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  1. 1
    127617

    The Kaiser Family Foundation National Survey on Public Perceptions about Contraception. Chart pack.

    Henry J. Kaiser Family Foundation

    Menlo Park, California, Henry J. Kaiser Family Foundation, 1996 Jan 31. [10] p.

    This series of tables illustrates findings from the Kaiser Family Foundation's 1996 National (US) Survey on Public Perceptions about Contraception. Pie charts show that 43% of women aged 18-44 (women of reproductive age [WRA]) and 39% of all Americans believe that oral contraceptives (OCs) are somewhat safe and an additional 25 and 17%, respectively, believe OCs are very safe. The charts indicate that 61% of WRA and 44% of all Americans cite potential health risks as their primary safety concerns (20 and 24%, respectively, cite lack of protection against disease, and 20 and 7%, respectively, doubt the contraceptive efficacy of OCs). Most WRA (58%) believe that OCs have no effect on the likelihood of developing osteoporosis, but only 41% believe that chances of acquiring breast cancer are unaffected by OC use (32% believe chances are heightened). Most WRA (57%) believe that OCs increase chances of blood clots, and only 16% believe that OC use reduces chances of developing ovarian cancer. Nearly half (47%) of the WRA believe that women's chances of getting heart disease are not affected by OC use. WRA receive most of their contraceptive information from physicians (88%), nurses (75%), family/friends (60%), television (48%), magazines (43%), advertisements (41%), and printed media (40%). Among WRA who have ever used OCs, 53% reported that their partner had no influence in their decision to use this method (19% reported that their partner had a lot of influence). Most men (76%) whose current or most recent partner used OCs reported that their partner had a lot of influence in this decision.
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  2. 2
    045351

    Oral contraceptives -- an overview.

    Shephard BD

    JOURNAL OF THE FLORIDA MEDICAL ASSOCIATION. 1986 Oct; 73(10):763-8.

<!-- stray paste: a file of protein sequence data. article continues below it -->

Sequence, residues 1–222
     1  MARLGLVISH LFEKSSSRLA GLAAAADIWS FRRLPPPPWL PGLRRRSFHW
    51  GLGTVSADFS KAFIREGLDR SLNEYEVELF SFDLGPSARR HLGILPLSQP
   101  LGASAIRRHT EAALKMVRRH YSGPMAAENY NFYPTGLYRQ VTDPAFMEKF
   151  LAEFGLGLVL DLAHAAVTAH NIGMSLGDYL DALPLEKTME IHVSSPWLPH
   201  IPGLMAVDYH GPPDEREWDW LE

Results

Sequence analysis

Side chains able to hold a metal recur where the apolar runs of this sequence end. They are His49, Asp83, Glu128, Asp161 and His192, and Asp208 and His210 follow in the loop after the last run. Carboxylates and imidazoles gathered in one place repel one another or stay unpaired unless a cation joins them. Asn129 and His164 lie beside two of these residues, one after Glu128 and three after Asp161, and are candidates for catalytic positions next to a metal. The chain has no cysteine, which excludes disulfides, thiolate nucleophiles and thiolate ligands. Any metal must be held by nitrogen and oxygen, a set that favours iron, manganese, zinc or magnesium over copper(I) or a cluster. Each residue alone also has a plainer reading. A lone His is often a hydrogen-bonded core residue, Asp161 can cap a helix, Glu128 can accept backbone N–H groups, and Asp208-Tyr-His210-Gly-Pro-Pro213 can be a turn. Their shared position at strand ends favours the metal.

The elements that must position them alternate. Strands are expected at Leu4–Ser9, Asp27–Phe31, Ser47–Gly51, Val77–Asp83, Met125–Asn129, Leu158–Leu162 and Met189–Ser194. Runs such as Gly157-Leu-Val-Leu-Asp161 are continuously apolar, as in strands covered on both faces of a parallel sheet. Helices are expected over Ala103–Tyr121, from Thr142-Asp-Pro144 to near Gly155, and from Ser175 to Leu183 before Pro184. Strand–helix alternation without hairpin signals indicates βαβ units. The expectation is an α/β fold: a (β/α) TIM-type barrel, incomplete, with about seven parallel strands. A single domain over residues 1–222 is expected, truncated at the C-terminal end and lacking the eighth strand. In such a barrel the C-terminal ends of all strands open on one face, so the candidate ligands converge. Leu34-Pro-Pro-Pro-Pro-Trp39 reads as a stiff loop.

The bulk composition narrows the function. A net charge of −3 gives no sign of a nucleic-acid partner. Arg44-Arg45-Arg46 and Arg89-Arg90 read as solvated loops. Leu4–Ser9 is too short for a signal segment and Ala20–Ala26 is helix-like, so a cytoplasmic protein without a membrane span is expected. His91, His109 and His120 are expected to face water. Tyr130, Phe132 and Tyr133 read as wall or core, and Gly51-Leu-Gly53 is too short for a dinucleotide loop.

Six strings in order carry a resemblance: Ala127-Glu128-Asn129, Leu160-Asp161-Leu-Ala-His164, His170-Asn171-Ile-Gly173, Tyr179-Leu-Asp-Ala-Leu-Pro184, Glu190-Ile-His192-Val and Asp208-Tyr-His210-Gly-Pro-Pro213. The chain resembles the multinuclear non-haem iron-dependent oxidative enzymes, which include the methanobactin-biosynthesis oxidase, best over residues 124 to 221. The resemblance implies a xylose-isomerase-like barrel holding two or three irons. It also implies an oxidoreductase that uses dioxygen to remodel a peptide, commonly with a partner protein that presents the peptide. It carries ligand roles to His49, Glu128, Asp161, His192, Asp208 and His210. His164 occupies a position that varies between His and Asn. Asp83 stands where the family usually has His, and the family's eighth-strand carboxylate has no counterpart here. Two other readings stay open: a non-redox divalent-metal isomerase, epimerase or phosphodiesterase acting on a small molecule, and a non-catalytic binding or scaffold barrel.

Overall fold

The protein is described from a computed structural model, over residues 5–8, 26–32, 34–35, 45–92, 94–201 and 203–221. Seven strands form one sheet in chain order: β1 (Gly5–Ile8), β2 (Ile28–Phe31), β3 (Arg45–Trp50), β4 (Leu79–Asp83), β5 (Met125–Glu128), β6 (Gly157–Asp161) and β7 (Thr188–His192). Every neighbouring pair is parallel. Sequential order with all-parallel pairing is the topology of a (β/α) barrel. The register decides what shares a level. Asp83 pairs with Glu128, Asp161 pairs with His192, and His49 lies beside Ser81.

The increase in safety and public confidence in oral contraceptives (OCs) stems essentially from 3 factors: the availability of lower dose OCs, a better identification of risk factors, and more public awareness of noncontraceptive health benefits associated with OC use. The combination OC, used by 99% of women using OCs, continues to contain estrogen and progesterone in synthetic form, but the dosages and formulations have changed, giving the new pill a wider margin of safety. The OCs of today contain 1/5 the estrogen and 1/10 the progesterone as in the original OCs. During the decade of the 1980s, with estrogen dosage as low as therapeutically possible, medical research has shifted toward a more thorough evaluation of the progesterone component. In 1974 the Royal College of General Practitioners Study found a correlation between progesterone dosage and the frequency of high blood pressure developing in OC users. Subsequent studies reported that high blood pressure, which was likely to develop in about 5% of OC users on higher dose pill, will revert to normal when OC use is stopped. Additional research has linked pills containing progesterone in high dosages to elevations in blood sugar and blood cholesterol. Since progesterone dosage has declined from 10 milligrams in the original pill to 1 milligram or less in current formulations, there appears to be a wide margin of safety for most healthy young women using OCs. In the mid-1980s, further research on OCs has become more fine tuned with greater emphasis on how different types and combinations of hormones influence side effects and safety. The most recent development has been the introduction of "multiphasics" or sometimes called "triphasics." Multiphasic pills are basically low dose pills which vary hormone dosage in each of 3 separate phases in an effort to roughly simulate changes that would occur in a normal menstrual cycle. A better understanding of risk factors has increased markedly the margin of safety for women considering OC use. The report of the Alan Guttmacher Institute, "Making Choices," revealed that if women over 35 or who smoked did not use OCs, 86% of the approximately 500 pill-related deaths that occurred each year could be prevented. The Guttmacher report also attempted to quantify health benefits and risks to provide a more accurate overall picture of OC effects. Table 1 shows that many more hospitalizations are prevented than are caused by OC use. Among hospitalizations prevented, most were for benign breast disease, pelvic inflammatory disease, ectopic pregnancy, ovarian cysts, ovarian cancer, and endometrial cancer. No evidence has linked defects or miscarriages to pregnancies conceived immediately after stopping OC use. The overall fertility of OC users and non-OC users is identical regardless of how long a woman uses OCs. A lack of consistent health education programs in the public schools has contributed in some instances to misinformation about OC and other contraceptive methods.
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